With the summer break ending, parents and kids are drawn to stores for the annual rite of shopping for back-to-school supplies. This year, however, the bulletproof backpack is at the top of the list for some, especially after the mass shootings in Texas and Ohio last weekend.
The New York Times reports a growing number of companies are offering bulletproof backpacks in back-to-school sales, marketing them to parents who are desperate to protect their children from gunmen.
Social media users have debated the need for bulletproof backpacks. The group Democracy in America tweeted a photo of bulletproof backpacks on a store shelf with the words "This is America in 2019."
— Democracy for America (@DFAaction) August 5, 2019
Kristalynn Howard, a Twitter user, and a parent, recently wrote about the need for being prepared in case of an attack at her child's school.
"Yes, a plan is a must," she wrote. "I think every school needs to be prepared in the event it happens at their location. I ended up buying my 12-year-old a bulletproof backpack so she has something to use as a shield in the event she needs to. "
Yes, a plan is a must. I think every school needs to be prepared in the event it happens at their location. I ended up buying my 12 year old a bullet proof backpack so she has something to use as a shield in the event she needs to.
— Kristalynn Howard (@LadyKP82) August 7, 2019
There are also parents sharing Back to School Giveaways with a bulletproof backpack as a prize.
Back to School Giveaway - Enter to Win a Bulletproof Backpack! https://t.co/t34tEkVWFc
— Karen (@zzzz777) August 7, 2019
One Twitter user posted about a telephone call she received from her grandmother who wanted to buy her a bulletproof backpack. "She can barely afford Christmas presents for us grandkids but shes THIS worried about shootings recently. I cried," the user writes.
Another user says: "Imagine having to explain to a child why you think they might need a bulletproof backpack."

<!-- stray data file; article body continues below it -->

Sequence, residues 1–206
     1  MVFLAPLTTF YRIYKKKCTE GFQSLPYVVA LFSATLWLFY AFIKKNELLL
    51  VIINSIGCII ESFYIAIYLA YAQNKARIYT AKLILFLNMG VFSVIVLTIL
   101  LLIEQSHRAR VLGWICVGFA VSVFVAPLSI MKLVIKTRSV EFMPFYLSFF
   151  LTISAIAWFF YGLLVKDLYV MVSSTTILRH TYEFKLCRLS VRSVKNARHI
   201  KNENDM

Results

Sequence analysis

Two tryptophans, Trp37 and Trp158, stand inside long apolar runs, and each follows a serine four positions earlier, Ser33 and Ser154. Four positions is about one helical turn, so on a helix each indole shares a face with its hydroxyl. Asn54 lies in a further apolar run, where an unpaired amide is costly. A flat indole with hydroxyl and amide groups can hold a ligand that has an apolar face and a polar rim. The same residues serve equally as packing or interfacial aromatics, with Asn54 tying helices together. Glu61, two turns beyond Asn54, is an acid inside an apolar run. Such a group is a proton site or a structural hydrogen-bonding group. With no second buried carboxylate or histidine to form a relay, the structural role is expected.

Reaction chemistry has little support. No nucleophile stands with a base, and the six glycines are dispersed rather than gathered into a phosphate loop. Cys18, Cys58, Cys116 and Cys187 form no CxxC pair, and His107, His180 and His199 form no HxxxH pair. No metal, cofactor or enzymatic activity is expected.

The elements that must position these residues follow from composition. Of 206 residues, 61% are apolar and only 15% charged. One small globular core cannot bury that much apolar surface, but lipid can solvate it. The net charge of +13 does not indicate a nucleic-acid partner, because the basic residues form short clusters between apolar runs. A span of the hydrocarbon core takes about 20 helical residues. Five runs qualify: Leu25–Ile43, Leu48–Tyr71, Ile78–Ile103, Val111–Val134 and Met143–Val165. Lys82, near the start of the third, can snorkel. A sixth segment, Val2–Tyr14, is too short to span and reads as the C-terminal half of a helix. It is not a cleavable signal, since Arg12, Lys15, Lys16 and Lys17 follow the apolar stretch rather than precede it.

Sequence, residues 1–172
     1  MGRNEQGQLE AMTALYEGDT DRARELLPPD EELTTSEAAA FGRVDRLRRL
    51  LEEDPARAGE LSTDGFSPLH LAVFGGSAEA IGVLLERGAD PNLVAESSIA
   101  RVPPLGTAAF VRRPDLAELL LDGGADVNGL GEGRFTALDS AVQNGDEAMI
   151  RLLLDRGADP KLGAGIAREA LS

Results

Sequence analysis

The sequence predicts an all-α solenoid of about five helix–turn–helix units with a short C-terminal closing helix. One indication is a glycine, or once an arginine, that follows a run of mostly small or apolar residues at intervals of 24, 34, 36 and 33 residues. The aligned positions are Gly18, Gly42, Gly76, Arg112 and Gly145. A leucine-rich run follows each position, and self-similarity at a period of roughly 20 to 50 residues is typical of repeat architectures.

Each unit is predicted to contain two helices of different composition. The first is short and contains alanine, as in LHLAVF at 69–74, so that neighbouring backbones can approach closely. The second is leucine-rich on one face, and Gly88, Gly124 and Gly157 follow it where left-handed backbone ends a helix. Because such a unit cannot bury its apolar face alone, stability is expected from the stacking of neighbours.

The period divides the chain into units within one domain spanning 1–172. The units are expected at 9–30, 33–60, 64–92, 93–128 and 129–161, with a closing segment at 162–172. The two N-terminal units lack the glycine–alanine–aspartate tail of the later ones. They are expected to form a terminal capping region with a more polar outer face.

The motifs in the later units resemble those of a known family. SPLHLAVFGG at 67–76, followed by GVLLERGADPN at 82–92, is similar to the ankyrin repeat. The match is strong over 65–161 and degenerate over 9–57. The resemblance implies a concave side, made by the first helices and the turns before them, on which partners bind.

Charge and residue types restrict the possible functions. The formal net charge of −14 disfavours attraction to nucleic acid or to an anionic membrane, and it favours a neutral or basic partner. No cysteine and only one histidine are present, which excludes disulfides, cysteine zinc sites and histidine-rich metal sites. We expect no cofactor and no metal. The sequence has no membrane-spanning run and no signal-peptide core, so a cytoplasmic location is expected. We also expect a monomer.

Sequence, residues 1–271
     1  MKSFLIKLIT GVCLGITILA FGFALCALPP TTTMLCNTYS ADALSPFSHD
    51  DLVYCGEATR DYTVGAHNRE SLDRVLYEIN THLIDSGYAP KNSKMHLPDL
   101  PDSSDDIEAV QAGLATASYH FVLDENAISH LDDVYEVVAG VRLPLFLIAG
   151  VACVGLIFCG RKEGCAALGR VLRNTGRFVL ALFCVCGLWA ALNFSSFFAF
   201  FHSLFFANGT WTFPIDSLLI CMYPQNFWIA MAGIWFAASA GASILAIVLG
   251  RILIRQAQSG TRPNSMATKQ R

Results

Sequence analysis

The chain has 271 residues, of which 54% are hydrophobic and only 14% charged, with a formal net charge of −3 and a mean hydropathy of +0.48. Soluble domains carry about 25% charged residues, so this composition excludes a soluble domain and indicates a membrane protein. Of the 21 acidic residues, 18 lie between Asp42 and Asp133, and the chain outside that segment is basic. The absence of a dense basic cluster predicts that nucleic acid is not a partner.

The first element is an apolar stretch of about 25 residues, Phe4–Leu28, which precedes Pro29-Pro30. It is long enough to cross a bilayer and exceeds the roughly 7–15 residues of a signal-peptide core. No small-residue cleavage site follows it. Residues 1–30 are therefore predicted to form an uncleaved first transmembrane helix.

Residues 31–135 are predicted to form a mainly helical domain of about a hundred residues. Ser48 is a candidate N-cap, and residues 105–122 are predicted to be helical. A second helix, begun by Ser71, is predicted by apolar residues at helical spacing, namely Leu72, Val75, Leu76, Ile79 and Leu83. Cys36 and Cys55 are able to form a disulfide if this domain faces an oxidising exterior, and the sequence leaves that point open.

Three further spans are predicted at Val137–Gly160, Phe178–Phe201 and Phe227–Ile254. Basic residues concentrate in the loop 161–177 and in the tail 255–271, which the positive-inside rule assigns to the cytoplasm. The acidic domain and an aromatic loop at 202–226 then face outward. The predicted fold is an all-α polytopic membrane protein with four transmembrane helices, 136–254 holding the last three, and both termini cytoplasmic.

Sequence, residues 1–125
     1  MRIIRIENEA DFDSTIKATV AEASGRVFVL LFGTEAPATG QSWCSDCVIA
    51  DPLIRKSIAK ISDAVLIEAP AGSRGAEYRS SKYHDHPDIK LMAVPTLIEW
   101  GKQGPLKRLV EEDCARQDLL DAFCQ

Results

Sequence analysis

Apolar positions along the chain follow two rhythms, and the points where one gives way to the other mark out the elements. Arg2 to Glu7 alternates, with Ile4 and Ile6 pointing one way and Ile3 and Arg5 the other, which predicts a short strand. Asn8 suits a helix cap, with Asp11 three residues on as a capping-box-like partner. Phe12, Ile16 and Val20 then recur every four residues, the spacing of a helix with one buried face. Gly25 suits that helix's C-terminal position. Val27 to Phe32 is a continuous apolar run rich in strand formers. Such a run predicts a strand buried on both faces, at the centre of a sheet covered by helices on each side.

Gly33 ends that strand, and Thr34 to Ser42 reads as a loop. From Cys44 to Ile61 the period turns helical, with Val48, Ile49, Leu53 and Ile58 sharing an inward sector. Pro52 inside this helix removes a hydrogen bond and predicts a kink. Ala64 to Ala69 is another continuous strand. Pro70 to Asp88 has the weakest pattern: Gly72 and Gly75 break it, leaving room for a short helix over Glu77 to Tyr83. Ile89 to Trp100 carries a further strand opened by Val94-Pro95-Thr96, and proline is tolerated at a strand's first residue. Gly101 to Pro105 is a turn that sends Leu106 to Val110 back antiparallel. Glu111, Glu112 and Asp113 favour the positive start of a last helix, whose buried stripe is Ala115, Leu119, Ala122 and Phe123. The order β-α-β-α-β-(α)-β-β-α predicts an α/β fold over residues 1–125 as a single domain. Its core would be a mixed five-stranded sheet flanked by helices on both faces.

Imagine having to explain to a child why you think they might need a bullet proof backpack.
— Pumpkin Escobar (@tradingcurses) August 7, 2019
For this school year, ArmorMe, a personal defense company run by Israel Defense Forces Colonel (ret). Gabi Siboni has designed a backpack made with level IIIA NIJ Protective Panels. It's the same bulletproof material used in personal armor including combat helmets and bulletproof vests, according to the company.
The backpacks aren't cheap either. A single-paneled backpack from ArmorMe is priced from $160 to $190 and when deployed as a shield covers from the neck to the knee when worn in front. The double-paneled backpack is priced from $210 to $250 and covers both the front and back of the torso.
"We built this backpack to address the daily reality of student life," Siboni said in a press release. "We wanted a pack that was stylish, and light and comfortable could carry a laptop and would last multiple academic years. At the same time, we built this backpack to withstand gunshots."
Another company, Guard Dog Security, has developed its own bulletproof backpacks and has a model for less than $100, according to The Times.
Consumers should be aware that security companies in the past have been criticized for falsely claiming that their armored backpacks were certified by the National Institute of Justice, which oversees the body armor used by law enforcement.
"The National Institute of Justice — the research, development, and evaluation agency of the Department of Justice — has never tested nor certified ballistic items, such as backpacks, blankets, or briefcases," DOJ public affairs specialist Kelly Laco told CNBC. "The only products it does certify in this category are body armor for law enforcement. "Marketing that claims NIJ testing or certification for such products is false."
Former New York Police Department Commissioner William Bratton said if the backpack gives parents' psychological relief as a way to protect the child and they can afford the cost, it could be a good thing.
"But you have to be careful about raising the fear level of the kids," he said.
Watch a demonstration of the ArmorMe backpack's protection below.